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Development Cooperation in a Multilevel and Multistakeholder Setting: From Planning towards Enabling Coordinated Action?


The call to reduce fragmentation and promote joined-up action is an evergreen topic in development policy discussions. This article reviews past coordination efforts and changes in international cooperation and finds that, in recent years, donors did not adequately apply coordination standards that they promoted, while developing-country governments frequently failed to articulate an effective demand for coordination. Dominant coordination approaches have been inherently statist and managerial, whereas the increasingly multilevel and multistakeholder nature of the changing development cooperation context calls for new approaches involving four elements: positive framing of coordination, enlargement of involved stakeholders, increased focus on enabling over planning, and growing attention to coordination across countries and within sectors. The Sustainable Energy for All initiative serves as an example of a multistakeholder platform confirming both continued coordination needs and a changing perspective on the relevant avenues for addressing coordination deficits.

L’appel à la réduction de la fragmentation de l’aide et à la promotion d’une action conjointe est une constante dans les discussions sur les politiques de développement. Cet article examine les efforts de coordination passés et les changements dans la coopération internationale. Il constate que ces dernières années, les bailleurs de fonds n’ont pas correctement appliqué les normes de coordination qu’ils ont promues, tandis que les gouvernements des pays en développement ont souvent omis de faire une requête efficace de coordination. Les approches de coordination les plus répandues ont été intrinsèquement étatiques et managériales, tandis que le contexte changeant de la coopération au développement, de plus en plus pluri-niveaux et pluri-acteurs, nécessite de nouvelles approches impliquant quatre éléments: une présentation positive de la coordination, l’élargissement des parties prenantes impliquées, un accent accru mis sur la facilitation plutôt que sur la planification et l’attention croissante accordée à la coordination au-delà des pays et au sein des secteurs. L’initiative «Energie Durable pour Tous» sert d’exemple d’une plate-forme pluripartite qui confirme les besoins continus de coordination et fournit une perspective différente sur des façons pertinentes de remédier au manque de coordination.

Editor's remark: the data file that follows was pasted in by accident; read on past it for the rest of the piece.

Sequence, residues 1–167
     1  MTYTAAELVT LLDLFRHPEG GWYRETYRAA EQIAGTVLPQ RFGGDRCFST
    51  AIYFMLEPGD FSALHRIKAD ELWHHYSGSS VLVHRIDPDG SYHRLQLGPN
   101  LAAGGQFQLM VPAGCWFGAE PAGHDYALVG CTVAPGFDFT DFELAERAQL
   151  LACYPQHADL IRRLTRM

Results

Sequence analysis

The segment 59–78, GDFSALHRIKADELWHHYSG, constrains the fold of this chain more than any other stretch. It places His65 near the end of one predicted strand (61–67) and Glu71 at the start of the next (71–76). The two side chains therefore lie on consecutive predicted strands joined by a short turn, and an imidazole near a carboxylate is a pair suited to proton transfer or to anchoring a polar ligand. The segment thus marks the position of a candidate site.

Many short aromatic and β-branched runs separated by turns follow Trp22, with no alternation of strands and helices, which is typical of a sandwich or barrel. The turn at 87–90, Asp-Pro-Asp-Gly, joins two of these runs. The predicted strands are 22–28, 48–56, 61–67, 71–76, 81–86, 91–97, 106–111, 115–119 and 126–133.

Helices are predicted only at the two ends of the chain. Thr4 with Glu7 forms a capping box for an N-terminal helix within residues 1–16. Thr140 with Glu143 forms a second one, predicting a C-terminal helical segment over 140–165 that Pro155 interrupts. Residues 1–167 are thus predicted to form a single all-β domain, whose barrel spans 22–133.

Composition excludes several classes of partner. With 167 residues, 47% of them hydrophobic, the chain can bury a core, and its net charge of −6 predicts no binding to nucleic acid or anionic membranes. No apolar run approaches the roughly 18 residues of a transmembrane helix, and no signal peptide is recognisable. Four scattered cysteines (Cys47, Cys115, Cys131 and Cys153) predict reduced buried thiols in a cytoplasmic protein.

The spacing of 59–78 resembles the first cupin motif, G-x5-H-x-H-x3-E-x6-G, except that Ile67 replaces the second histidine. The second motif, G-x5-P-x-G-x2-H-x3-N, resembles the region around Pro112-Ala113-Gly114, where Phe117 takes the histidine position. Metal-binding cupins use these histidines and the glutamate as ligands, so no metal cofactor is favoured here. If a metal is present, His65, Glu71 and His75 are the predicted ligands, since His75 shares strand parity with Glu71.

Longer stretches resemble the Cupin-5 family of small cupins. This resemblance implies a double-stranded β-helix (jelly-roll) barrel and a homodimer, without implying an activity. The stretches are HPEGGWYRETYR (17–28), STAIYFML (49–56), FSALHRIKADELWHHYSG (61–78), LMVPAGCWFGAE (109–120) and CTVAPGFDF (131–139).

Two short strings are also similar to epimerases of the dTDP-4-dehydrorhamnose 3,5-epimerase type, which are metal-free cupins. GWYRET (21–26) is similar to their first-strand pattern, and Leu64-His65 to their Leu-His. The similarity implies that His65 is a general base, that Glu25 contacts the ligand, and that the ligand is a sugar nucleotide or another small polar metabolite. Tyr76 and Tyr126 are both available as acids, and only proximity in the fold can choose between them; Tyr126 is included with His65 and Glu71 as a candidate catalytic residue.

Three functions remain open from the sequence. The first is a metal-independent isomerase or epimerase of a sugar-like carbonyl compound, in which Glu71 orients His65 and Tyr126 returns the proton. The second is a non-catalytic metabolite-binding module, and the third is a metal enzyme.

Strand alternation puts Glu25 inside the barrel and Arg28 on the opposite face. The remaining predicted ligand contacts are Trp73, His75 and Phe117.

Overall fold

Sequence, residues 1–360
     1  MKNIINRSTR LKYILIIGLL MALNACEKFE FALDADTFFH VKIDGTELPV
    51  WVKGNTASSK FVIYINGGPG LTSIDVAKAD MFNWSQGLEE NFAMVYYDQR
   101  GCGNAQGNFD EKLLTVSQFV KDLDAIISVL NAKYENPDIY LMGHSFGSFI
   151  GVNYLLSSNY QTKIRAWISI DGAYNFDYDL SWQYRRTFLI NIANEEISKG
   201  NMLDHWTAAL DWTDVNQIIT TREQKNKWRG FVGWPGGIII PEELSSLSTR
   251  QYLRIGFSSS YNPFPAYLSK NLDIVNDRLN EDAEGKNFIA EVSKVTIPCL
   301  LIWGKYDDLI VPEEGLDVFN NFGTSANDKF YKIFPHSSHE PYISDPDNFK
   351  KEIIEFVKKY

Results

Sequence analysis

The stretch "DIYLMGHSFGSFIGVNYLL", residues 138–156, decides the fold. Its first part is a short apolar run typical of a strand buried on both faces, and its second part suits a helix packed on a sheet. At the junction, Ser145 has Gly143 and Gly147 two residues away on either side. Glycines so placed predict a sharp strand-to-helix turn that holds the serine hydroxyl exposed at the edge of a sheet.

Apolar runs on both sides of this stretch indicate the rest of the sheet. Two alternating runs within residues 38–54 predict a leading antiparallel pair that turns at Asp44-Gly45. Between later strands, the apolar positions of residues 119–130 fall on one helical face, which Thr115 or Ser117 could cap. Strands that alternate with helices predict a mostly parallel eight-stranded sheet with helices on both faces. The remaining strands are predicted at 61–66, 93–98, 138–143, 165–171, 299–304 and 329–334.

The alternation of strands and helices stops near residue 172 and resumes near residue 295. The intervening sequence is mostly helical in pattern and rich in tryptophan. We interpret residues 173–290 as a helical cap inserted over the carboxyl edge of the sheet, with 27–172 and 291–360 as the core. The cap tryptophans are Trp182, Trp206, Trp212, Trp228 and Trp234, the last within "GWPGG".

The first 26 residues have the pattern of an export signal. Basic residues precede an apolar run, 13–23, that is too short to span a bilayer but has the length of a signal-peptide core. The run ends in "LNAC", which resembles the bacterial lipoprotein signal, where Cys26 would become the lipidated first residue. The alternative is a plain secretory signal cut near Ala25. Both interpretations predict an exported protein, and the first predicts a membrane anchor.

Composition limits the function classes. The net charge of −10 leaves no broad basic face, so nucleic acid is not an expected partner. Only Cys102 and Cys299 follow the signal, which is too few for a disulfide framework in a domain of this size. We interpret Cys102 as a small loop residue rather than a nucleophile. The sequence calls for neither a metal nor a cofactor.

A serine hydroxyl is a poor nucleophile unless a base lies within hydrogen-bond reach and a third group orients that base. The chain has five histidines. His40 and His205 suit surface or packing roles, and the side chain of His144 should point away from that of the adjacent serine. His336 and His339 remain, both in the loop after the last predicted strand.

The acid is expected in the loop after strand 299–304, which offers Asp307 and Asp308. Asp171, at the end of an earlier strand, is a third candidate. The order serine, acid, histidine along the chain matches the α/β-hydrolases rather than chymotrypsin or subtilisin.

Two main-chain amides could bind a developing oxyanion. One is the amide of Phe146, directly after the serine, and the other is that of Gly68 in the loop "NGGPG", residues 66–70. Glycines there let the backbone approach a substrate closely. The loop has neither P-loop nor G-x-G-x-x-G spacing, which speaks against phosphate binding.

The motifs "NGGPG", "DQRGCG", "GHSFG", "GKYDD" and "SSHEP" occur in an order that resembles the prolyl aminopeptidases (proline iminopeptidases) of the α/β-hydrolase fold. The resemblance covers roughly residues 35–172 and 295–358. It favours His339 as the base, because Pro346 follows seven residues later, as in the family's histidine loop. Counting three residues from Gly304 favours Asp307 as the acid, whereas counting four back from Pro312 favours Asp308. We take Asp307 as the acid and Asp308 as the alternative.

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  1. An example of the former case is a European Commission proposal published in 1999: “The Member States, like the Community, are under pressure to reduce the volume of official development assistance; they must improve the quality and efficiency of their operations and are now under an obligation to produce visible results. Greater complementarity between Member States’ aid and community aid is an ideal means of obtaining better results and greater visibility” (EC 1999, p. 3).

  2. The European Union’s (2007) Code of Conduct on Complementarity and Division of Labour in fact presents both perspectives in an order of priority: in the first instance the partner country should take leadership to ensure a division of labor among donors, and if the government does not do this the EU donors should themselves coordinate and agree to such a division of labor (EU 2007).

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Correspondence to Erik Lundsgaarde.

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Lundsgaarde, E., Keijzer, N. Development Cooperation in a Multilevel and Multistakeholder Setting: From Planning towards Enabling Coordinated Action?. Eur J Dev Res 31, 215–234 (2019).

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